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Jones' iconic No. 10 jersey retired by Braves

Jun 28, 2013; Atlanta, GA, USA; Fans hold up the number ten in honor of former Atlanta Braves third baseman Chipper Jones (not pictured) as his number is retired before a game against the Arizona Diamondbacks at Turner Field. Mandatory Credit: Brett Davis-USA TODAY Sports

Jun 28, 2013; Atlanta, GA, USA; Fans hold up the number ten in honor of former Atlanta Braves third baseman Chipper Jones (not pictured) as his number is retired before a game against the Arizona Diamondbacks at Turner Field. Mandatory Credit: Brett Davis-USA TODAY Sports

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Jun 28, 2013; Atlanta, GA, USA; Atlanta Braves former third baseman Chipper Jones (10) during his jersey retirement ceremony before a game against the Arizona Diamondbacks at Turner Field. Mandatory Credit: Brett Davis-USA TODAY Sports

ATLANTA -- The "Crazy Train" rolled into Turner Field one last time on Friday.

The famed refrain that accompanied him to the plate throughout his career with the Atlanta Braves blared through the speakers one more time. Chipper Jones, wearing a gray suit instead of the home whites, walked to the front of the platform in the middle of the field and reveled in the adoration of another standing ovation.

It was a lovefest all around. Both dugouts were lined with players who stood on the top step and applauded. Most of a near-capacity crowd arrived early to watch the ceremony, as the club officials retired the famed No. 10 that Jones wore for 19 seasons. A chant of "Chipper, Chipper, Chipper" broke out. It was that kind of night.

"He's been a Brave in his heart all his life," club president John Schuerholz said. "Now he'll be a Brave for all his life. No one else will wear No. 10."

It was another chance for the Atlanta baseball fans to say their thanks to a man who helped the team win 12 of its 14 consecutive division championships and the 1995 World Series. He already had been honored by a large crowd during a luncheon at a downtown Atlanta hotel Friday afternoon, where he was inducted into the club's Hall of Fame.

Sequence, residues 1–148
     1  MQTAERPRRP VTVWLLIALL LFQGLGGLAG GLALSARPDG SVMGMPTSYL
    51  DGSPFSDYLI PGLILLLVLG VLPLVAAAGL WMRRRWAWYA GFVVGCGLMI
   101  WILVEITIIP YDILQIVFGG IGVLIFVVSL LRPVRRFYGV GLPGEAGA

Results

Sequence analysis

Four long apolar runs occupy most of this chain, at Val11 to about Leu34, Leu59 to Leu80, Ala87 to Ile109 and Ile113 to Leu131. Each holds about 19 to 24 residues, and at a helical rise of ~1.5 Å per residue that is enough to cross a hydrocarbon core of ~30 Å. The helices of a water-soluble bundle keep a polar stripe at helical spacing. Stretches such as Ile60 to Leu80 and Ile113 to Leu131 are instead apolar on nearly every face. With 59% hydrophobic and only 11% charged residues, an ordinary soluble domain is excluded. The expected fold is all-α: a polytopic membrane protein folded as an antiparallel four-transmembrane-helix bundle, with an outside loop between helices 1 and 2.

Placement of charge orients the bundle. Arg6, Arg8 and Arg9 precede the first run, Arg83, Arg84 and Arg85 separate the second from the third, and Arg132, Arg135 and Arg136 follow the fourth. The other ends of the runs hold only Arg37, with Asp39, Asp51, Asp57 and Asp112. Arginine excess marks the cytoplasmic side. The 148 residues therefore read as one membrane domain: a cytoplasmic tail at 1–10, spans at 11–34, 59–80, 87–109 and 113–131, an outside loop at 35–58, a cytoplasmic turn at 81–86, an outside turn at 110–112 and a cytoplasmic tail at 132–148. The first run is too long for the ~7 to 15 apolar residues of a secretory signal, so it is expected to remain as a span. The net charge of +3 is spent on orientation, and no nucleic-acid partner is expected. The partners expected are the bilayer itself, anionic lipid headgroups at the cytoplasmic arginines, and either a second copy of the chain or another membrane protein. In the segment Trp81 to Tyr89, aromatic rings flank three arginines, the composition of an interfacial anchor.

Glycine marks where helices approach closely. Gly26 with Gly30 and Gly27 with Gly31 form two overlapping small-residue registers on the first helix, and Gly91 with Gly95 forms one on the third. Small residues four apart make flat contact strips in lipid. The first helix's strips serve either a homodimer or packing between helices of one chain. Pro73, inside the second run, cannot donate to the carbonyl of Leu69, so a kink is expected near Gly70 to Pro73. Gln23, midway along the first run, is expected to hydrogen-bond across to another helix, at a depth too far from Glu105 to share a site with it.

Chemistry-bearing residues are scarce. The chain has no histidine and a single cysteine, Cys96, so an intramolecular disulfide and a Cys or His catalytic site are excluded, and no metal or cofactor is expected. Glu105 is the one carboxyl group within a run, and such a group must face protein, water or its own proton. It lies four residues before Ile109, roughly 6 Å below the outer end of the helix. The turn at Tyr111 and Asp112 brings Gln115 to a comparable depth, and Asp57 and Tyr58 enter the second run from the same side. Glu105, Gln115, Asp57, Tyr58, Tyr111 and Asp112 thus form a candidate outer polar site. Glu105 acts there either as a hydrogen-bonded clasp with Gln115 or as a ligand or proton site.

"It's been an unbelievable day for the Jones family," said Jones, who was accompanied on the dais by his mother and father, as well as his four sons. "I dreamed about having my number up there. I truly believed I was going to do something special in my career."

Jones made a few brief remarks, thanking his former teammates and managers, some of the opposing players, and the fans -- those in attendance and those who listen on the radio. Jones then threw out the ceremonial first pitch (wide and inside) to former teammate Dan Uggla before getting in the back of a convertible and taking a victory lap, disappearing into the right-field corner.

An argument can be made that Jones is the second-greatest offensive player in the club's long history, exceeded only by Hank Aaron. That includes Eddie Mathews, who Jones will likely join in the Hall of Fame in five years.

"Few players have ever had such a profound influence on one franchise as Chipper Jones," Schuerholz said. "He dedicated his life to greatness on the field."

Jones was an eight-time National League All-Star who won the league's batting title in 2008 when he hit .364 and was voted N.L. MVP in 1999. Jones wound up with more career walks (1,512) than strikeouts (1,409) and is the all-time career RBI leader among players who spent the bulk of their time at third base.

"He'll be remembered as one of the greats of all time," former manager Bobby Cox said.

Jones has a special place among the game's elite switch hitters. He's the only switch hitter with a .300 career batting average and more than 300 home runs. He's third all-time with 468 homers and second all-time with 1,623 RBI. He's one of three switch hitters with 400 homers, joining Mickey Mantle and Eddie Murray.

"When the conversation starts with, 'Along with Mickey Mantle and Eddie Murray,' you know you've done something," Braves broadcaster Jim Powell said.

Above everything else is the consistency that Jones showed over his career. He had 25 or more home runs 10 times, 100 or more RBI nine times and scored 100 or more runs eight times. He never failed to hit double-digit home runs in his 18 full seasons.

"I went up there with no fear of failure," Jones said. "When the game was on the line, I wanted all the chips on my shoulders."

Jones might not have been a Brave had it not been for the hard-headed stand taken by pitcher Todd Van Poppel, who was considered by many the top prospect in the 1990 draft. Van Poppel insisted he would not sign with Atlanta and if drafted by the club would instead go to college.

So the Braves drafted and signed Jones, who had a 19-year Hall of Fame career. Van Poppel played for seven teams in a 13-year career and never won more than seven games in a season.

Jones was inducted into the club's Hall of Fame at an afternoon luncheon. His is the 10th number retired by the organization, preceded by: Warren Spahn (No. 21), Eddie Mathews (No. 41), Hank Aaron (No. 44), Phil Niekro (No. 35), Dale Murphy (No. 3), Greg Maddux (No. 31), Tom Glavine (No. 47), Bobby Cox (No. 6) and John Smoltz (No. 29).